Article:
Pricing in case of services is rather more difficult than in case of products. Price is the value placed on a product or service. Other terms that can be used to refer to the price component of the marketing mix are: fee, rate, tuition, premium, and toll. There are non-monetary elements to price as well as the more obvious monetary elements. Some examples of non-monetary price are the time it takes to search and evaluate alternative products or services and the convenience of location. If a consumer drives to several locations to shop for a product or service, then there are costs associated with time, gas, and depreciation on the car. Also, there could be tolls for highways, bridges, or subways. In the end, it is the perceived price or the perceived value the consumer associates with a product or service that influences the purchase and the level of customer’s satisfaction. Value is the trade off between price and quality – the benefits the consumer receives for the price paid.
The price of a product is not simply the price that a firm sets for a product; rather it encompasses a whole series of decisions around how the price will be set and adjusted. The primary consideration is the pricing strategy the firm will follow. For example, company’s can choose to “skim” the market by setting a high price and serving only the wealthiest customers, or it can mass market the product by setting it at a price that anyone can afford. The company also needs to consider what volume and early payment discounts it will make; how it will set the price for different channels and seasons; whether the product can be bundled with others for a lower overall price; and whether the firm can attempt to price discrimination, as airlines do with first class and economy class fares.
Elements of Extended Service Marketing Mix
The addition of these extra three factors helped make the 7 P’s a much more comprehensive framework for services marketing. Furthermore, it offers a broader perspective of services marketing, with more refined results. Here on we start towards the elements of the extended services marketing mix.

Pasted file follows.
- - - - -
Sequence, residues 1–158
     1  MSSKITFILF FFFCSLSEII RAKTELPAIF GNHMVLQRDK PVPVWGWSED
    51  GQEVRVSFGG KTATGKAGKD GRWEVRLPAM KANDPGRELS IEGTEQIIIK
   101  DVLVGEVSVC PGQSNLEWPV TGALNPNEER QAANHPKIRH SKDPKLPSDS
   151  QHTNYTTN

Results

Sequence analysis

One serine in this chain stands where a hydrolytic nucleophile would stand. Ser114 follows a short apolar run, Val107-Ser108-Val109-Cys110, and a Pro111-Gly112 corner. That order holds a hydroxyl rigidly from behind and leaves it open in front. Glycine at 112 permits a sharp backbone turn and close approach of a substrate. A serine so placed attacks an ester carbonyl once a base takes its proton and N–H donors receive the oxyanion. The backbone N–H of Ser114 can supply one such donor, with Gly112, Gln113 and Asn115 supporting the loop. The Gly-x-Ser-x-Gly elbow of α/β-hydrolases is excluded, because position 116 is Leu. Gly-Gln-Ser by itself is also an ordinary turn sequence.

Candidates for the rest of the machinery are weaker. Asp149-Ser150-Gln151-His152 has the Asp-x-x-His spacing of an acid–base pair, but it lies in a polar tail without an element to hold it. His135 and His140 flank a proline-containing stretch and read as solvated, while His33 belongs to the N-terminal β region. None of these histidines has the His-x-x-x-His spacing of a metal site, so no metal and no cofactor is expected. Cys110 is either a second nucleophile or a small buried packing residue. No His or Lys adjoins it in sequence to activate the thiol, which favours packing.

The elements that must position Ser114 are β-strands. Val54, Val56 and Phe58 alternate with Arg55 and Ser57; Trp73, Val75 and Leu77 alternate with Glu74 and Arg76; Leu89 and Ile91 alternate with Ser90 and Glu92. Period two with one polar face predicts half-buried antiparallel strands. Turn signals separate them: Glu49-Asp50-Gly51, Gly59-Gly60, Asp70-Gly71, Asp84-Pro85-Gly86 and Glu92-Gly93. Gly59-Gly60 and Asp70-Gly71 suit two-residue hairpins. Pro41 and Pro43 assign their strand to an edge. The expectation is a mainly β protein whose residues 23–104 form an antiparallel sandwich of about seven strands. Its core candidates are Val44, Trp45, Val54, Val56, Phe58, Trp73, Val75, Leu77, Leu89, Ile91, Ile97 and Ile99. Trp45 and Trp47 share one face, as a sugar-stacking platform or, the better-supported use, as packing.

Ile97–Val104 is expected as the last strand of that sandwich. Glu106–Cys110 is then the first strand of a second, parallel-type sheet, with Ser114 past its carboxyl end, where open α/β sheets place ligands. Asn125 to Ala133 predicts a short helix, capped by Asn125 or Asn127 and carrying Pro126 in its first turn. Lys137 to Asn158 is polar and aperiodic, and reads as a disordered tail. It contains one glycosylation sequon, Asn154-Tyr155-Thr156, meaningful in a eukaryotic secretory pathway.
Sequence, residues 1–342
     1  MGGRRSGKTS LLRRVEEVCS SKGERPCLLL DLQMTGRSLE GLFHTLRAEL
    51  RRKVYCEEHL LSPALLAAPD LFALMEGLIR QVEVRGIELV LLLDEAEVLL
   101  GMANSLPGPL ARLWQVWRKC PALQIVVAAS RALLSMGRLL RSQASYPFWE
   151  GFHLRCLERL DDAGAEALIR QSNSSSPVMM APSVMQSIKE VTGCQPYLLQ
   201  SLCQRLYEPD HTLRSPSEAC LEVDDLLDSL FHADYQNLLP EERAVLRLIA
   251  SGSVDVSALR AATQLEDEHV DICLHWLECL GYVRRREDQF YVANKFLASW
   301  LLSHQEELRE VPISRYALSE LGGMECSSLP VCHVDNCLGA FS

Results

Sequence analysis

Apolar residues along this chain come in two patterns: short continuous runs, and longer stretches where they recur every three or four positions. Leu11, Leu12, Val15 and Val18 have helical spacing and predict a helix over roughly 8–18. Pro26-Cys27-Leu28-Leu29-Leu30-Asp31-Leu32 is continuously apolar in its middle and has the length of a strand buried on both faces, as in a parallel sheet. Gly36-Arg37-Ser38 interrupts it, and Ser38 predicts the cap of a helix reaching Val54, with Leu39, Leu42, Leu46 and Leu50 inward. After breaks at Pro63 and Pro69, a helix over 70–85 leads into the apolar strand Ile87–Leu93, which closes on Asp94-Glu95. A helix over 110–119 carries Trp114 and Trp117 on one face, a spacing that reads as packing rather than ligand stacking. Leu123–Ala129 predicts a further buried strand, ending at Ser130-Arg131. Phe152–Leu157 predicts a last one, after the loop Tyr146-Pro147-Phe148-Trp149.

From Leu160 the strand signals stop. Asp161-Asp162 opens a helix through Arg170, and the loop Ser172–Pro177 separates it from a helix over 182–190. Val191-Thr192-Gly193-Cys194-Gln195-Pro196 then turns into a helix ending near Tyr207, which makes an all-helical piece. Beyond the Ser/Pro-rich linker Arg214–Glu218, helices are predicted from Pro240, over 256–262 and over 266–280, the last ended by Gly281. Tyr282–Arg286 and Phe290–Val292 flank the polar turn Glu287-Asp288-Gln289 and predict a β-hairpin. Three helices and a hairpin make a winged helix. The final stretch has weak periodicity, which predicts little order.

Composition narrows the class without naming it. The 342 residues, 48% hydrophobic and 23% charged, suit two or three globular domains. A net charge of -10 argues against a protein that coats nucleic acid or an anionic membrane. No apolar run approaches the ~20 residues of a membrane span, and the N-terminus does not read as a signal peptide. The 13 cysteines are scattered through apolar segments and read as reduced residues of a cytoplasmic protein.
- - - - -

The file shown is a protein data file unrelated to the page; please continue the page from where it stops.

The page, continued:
The role of the service employee becomes much more critical since to a very real extent the employee is the service, given the absence of any tangible artifact. They carry the responsibility of projecting the image of the service firm. Because of the inseparability of production and consumption of services, service delivery is characterized by interactions between customers and service employees. Service employees who experience positive human resource practices can devote their energies and resources to effectively serving their customers. The service firm’s human resource management practices can create an environment that elicit more positive, courteous and helpful behavior from the employees toward customers. In turn, the behavior that employees display will positively impact on service quality.
6. Physical Evidence
Physical evidence of service includes all the tangible representations of service such as clear signage, good ventilation, adequate space, internet presence, equipment and facility. As services are intangible, customers are searching for any tangible cues to help them understand the nature of the service experience. For example, in the hotel industry, the design, furnishing, lighting, layout and decoration of the hotel as well as the appearance of its employees will influence customer perceptions of the service quality and experiences. For theme parks, restaurants, health clubs, hospitals or schools, the physical facility is critical in communicating the service and making the entire customer experience positive. Ambient conditions include background characteristics of the environment such as temperature, air quality, lighting, noise, music, and scent affect the five senses. Spatial layout of the equipment, and furnishings arranged, the size and shape of these items, and the spatial relationships among them are also crucial to influence customers’ perception.
Process is referred to as the procedures, mechanisms and flow of activities by which the service is delivered i.e. the service delivery and operating systems. Delivering customer expectations depends on how well various steps function together. Highly bureaucratized services frequently follow complicated and extensive series of actions, and the logic of the steps involved often confuse the customer. Customers may complain that service firms are slow in response and bureaucratic with the many steps involved. They want easy access to the service process, and they want things to be handled quickly, preferably by the first service employee. Customers describe frustrating experiences when they have to run from pillar to post to complete a simple transaction, experience long waiting time, rules and regulations, and personnel who decline to serve them with the excuse “I’m not allowed to do this” or “this is against our policy”.